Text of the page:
Time Is The Coin For Investors

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Time Is The Coin For Investors
Yagnesh Kansara - 03 September 2019

Finally, there’s some good news for those choosing to invest in Initial Public Offerings (IPOs) of new companies. The listing period of shares offered in IPOs have now been reduced to three days from the closure of the issue (Transction Day or T Day) from the previous six days. The first company to get listed within three days of the closure of its IPO was Affle India on August 8, 2019. A lot of efforts were made by Securities and Exchange Board of India (Sebi) to shrink the listing time period.

The decision to reduce the IPO listing time period was taken almost a year ago, when Sebi Board met on September 18, 2018. Sebi had approved in principle,  the proposal of revisiting the public issue process by way of introducing the use of Unified Payment Interface with facility of blocking the funds. Application Supported by Blocked Amount (ASBA) facility, as a new payment mechanism for retail investor applications was submitted through intermediaries.

This is a significant reform, Sebi had said, which aimed at reducing the time period for listing of issues from  T+6  days to T+3  days. The  compression  in  post-issue  timelines  and  the consequent  early  listing  and  trading  of  shares  will  benefit  both issuers  as  well  as investors. The former will  have faster  access  to the  capital  raised,  thereby  enhancing ease of doing business and the latter will have early liquidity, Sebi stated.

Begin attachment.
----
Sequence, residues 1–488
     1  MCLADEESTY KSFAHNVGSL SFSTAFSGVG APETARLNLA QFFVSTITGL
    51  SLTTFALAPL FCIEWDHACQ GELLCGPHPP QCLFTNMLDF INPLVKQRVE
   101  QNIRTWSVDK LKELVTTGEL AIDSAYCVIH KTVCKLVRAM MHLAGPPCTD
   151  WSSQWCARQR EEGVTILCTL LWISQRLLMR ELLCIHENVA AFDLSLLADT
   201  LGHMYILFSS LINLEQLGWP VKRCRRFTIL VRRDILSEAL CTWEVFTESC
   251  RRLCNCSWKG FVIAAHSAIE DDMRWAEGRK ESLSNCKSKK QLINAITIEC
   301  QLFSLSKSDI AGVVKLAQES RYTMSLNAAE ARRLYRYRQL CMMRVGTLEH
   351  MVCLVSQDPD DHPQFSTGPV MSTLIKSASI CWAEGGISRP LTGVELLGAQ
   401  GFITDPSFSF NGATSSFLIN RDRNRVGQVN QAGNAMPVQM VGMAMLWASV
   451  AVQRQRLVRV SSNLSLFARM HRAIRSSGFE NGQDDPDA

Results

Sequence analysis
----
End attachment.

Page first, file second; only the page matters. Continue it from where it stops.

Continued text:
Under the new reform, there will be no physical movement of retail investor application forms from intermediaries to Self-Certified Syndicate Banks.

The modalities for implementation will be worked out in consultation with the stakeholders. Sebi had said, the process will be implemented in a phased manner.

Sebi’s rationale to reduce the time between an IPO and listing of shares is to mitigate external risks such as market volatility and uncertainty at a time when world financial markets are interconnected.